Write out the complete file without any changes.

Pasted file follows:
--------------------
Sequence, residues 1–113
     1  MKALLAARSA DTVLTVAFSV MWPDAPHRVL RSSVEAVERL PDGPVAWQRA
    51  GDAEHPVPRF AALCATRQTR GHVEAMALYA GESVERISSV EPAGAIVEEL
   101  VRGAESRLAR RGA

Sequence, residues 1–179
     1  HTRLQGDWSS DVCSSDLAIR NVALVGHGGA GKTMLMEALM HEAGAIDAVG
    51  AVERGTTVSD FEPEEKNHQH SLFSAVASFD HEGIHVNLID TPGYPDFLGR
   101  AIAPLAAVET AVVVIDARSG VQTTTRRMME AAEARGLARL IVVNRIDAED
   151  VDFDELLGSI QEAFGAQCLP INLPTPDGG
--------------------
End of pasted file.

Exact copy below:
Sequence, residues 1–113
     1  MKALLAARSA DTVLTVAFSV MWPDAPHRVL RSSVEAVERL PDGPVAWQRA
    51  GDAEHPVPRF AALCATRQTR GHVEAMALYA GESVERISSV EPAGAIVEEL
   101  VRGAESRLAR RGA

Sequence, residues 1–179
     1  HTRLQGDWSS DVCSSDLAIR NVALVGHGGA GKTMLMEALM HEAGAIDAVG
    51  AVERGTTVSD FEPEEKNHQH SLFSAVASFD HEGIHVNLID TPGYPDFLGR
   101  AIAPLAAVET AVVVIDARSG VQTTTRRMME AAEARGLARL IVVNRIDAED
   151  VDFDELLGSI QEAFGAQCLP INLPTPDGG